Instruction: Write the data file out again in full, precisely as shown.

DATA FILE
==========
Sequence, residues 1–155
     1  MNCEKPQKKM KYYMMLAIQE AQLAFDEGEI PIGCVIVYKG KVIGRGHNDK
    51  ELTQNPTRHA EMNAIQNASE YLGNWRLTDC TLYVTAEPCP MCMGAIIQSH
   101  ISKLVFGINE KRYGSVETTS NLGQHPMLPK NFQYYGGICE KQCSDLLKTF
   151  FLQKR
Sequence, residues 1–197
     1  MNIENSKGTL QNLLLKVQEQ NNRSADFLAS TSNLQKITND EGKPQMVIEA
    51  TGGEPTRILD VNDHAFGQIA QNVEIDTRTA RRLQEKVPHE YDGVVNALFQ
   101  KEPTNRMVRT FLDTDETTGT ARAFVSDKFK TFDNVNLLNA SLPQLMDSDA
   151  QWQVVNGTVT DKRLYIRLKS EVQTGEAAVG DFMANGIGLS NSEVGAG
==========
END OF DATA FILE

Sequence, residues 1–155
     1  MNCEKPQKKM KYYMMLAIQE AQLAFDEGEI PIGCVIVYKG KVIGRGHNDK
    51  ELTQNPTRHA EMNAIQNASE YLGNWRLTDC TLYVTAEPCP MCMGAIIQSH
   101  ISKLVFGINE KRYGSVETTS NLGQHPMLPK NFQYYGGICE KQCSDLLKTF
   151  FLQKR
Sequence, residues 1–197
     1  MNIENSKGTL QNLLLKVQEQ NNRSADFLAS TSNLQKITND EGKPQMVIEA
    51  TGGEPTRILD VNDHAFGQIA QNVEIDTRTA RRLQEKVPHE YDGVVNALFQ
   101  KEPTNRMVRT FLDTDETTGT ARAFVSDKFK TFDNVNLLNA SLPQLMDSDA
   151  QWQVVNGTVT DKRLYIRLKS EVQTGEAAVG DFMANGIGLS NSEVGAG